P 4.1.1

The political and social impact of journals and the research they communicate

2018.09.26 — 16:00-17:30

About

More than an umbrella term, open science is moving towards broadening and integrating the open access movement to scholarly literature on other fronts, such as open scientific data, open scientific tools, open notebook science, open education, and citizen science.

This “movement of movements” transforms the scenario and the dynamics of science collaboration, communication and dissemination, expanding its ability to respond to contemporary new and complex issues, while posing new challenges. On the one hand, new possibilities arise for the generation of social, economic and environmental benefits, as well as innovation, associated to increased reach, speed and quality of production and circulation of scientific knowledge, its results and possible uses. On the other hand, new institutional and technological requirements are imposed on the adoption of open research policies, strategies, and practices (regulations, capacities, infrastructures, and tools), and the costs derived therefrom. A new economics of open science is being developed, together with new business models, with repercussions on the present and future of scientific journals and their relationship with other scientific publication and publicization systems emerging from this framework, as well as with the monitoring, evaluation and research financing apparatuses.

It is also important to recognize the different implications of this changing scenario regarding more and less developed countries, placing new opportunities and barriers for their science, technology and innovation systems and their respective repositioning in the global scenario.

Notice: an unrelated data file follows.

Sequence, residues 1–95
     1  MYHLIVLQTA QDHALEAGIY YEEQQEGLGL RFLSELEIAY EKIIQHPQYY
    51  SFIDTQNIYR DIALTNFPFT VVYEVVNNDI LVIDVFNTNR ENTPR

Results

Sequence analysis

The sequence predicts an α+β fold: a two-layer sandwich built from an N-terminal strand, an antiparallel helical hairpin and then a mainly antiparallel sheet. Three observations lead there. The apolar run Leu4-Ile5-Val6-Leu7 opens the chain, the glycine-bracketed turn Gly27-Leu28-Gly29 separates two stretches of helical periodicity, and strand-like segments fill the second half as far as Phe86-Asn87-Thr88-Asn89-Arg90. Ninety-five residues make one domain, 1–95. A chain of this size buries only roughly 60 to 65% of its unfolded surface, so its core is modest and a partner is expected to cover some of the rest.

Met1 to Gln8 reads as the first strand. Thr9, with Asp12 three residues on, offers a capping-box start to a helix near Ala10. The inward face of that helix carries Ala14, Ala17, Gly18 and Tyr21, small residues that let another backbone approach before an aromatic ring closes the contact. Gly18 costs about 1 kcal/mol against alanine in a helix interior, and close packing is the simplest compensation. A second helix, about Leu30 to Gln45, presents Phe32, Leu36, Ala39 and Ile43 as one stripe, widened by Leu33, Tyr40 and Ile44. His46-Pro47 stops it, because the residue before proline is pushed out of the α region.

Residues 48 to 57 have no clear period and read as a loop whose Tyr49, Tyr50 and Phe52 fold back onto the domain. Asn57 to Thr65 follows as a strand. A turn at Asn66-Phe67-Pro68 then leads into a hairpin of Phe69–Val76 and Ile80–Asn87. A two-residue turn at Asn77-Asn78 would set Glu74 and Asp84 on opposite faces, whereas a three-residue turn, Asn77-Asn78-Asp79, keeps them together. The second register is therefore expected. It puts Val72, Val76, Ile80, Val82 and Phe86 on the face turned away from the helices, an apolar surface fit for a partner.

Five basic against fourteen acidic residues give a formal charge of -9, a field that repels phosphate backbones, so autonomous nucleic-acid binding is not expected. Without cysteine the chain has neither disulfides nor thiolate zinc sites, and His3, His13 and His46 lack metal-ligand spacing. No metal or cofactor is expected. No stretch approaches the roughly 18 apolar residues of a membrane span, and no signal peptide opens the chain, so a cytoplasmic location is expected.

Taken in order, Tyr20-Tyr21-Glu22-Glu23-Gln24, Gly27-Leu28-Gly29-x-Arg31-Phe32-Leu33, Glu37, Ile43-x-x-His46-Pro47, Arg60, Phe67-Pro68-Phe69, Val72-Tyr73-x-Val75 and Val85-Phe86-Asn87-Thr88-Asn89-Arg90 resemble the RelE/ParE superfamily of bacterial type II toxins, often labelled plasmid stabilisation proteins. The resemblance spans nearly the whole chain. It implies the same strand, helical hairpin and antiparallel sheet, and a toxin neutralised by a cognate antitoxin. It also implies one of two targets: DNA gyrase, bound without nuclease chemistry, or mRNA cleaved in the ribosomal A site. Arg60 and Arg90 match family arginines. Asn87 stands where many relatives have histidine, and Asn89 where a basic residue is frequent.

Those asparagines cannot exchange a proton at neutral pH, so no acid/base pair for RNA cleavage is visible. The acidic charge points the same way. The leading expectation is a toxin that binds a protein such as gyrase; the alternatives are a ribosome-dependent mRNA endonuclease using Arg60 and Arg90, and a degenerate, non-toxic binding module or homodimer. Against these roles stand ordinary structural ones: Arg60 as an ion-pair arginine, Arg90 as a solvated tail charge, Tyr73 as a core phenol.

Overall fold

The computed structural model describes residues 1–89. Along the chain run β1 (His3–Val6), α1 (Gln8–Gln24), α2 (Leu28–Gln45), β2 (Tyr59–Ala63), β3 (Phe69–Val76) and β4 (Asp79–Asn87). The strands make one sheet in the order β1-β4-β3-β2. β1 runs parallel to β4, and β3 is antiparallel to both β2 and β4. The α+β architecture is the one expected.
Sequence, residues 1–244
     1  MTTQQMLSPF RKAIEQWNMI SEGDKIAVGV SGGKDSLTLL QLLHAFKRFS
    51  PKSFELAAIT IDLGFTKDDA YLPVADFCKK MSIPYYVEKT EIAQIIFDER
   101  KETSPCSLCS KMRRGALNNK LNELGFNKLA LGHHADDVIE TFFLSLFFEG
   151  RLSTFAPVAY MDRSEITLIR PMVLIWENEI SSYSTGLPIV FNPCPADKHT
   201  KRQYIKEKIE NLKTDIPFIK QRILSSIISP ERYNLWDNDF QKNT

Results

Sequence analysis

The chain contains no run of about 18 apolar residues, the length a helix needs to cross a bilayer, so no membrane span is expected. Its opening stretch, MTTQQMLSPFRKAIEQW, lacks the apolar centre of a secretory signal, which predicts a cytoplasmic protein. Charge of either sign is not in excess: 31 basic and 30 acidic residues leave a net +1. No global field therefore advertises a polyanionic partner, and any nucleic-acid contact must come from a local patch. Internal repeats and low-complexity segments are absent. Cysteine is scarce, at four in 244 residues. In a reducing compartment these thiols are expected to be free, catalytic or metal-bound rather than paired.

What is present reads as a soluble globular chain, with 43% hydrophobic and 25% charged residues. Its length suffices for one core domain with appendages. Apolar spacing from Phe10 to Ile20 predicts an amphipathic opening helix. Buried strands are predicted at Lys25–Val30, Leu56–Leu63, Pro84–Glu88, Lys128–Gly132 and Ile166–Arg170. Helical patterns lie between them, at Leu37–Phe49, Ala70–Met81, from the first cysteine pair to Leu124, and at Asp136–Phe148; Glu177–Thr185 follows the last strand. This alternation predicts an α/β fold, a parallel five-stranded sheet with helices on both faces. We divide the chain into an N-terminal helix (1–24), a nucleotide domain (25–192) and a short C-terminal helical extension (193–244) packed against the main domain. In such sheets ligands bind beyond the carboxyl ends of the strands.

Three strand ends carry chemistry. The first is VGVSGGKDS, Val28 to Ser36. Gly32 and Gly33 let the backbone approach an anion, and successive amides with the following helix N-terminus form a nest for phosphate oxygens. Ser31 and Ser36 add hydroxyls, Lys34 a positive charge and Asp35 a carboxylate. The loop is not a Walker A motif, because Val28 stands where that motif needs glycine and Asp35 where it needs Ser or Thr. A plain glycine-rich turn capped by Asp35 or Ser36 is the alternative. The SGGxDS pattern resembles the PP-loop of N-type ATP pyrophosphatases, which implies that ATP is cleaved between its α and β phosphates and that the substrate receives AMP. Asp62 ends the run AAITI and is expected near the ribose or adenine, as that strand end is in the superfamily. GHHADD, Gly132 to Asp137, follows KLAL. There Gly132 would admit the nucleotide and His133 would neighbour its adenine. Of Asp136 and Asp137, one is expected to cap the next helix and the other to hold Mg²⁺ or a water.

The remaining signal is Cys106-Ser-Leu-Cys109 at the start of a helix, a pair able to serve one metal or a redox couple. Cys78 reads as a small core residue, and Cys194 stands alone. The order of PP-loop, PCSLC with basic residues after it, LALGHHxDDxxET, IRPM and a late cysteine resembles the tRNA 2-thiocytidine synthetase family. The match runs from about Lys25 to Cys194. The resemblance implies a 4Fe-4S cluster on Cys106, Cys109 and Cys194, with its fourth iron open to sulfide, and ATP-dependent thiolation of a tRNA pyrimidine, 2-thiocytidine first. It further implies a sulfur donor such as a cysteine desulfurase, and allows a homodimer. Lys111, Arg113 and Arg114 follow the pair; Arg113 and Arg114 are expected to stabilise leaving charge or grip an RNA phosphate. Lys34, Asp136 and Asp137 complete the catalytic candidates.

Syllabus

Open science, science communication and the challenges of sustainable development; open publications and innovation; the new economy (politics) of open science and its infrastructures of scholarly communication: costs and benefits (academic, social, and economic); political and institutional requirements; business models emerging from open scientific publications; opportunities and challenges for developing countries.

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Bibliography

Adams, Jonathan. Impact of Open Science methods and practices on the economics of research and science: case Studies from Life, Mathematical and Social Sciences. European Commission, Directorate-General for Research and Innovation, 2015. Available from: https://ec.europa.eu/research/openvision/pdf/rise/adams_impact_of_open_science_methods.pdf

Babini, Dominique. Open access initiatives in the Global South affirm the lasting value of a shared scholarly communications system. Available from: http://blogs.lse.ac.uk/impactofsocialsciences/2013/10/23/global-south-open-access-initiatives/

Posada, Alejandro; Chen, George. Inequality in Knowledge Production: The Integration of Academic Infrastructure by Big Publishers. In: ELPUB 2018, Jun 2018, Toronto, Canada. Available from: https://doi.org/10.4000/proceedings.elpub.2018.30

Tennant JP, Waldner F, Jacques DC et al. The academic, economic and societal impacts of Open Access: an evidence-based review [version 3; referees: 4 approved, 1 approved with reservations]. F1000Research. 2016, 5:632. DOI: 10.12688/f1000research.8460.3

Van Noorden, Richard. Open access: The true cost of science publishing. Cheap open-access journals raise questions about the value publishers add for their money. 27 March 2013 Corrected: 26 June 2013, 05 April 2013. Available from: https://www.nature.com/news/open-access-the-true-cost-of-science-publishing-1.12676

Willinsky, J. The Stratified Economics of Open Access. Economic Analysis & Policy . 2009, Vol. 39 Issue 1, p53-70. 18p. Available from: https://tidsskrift.dk/ojssb/article/download/2706/2328

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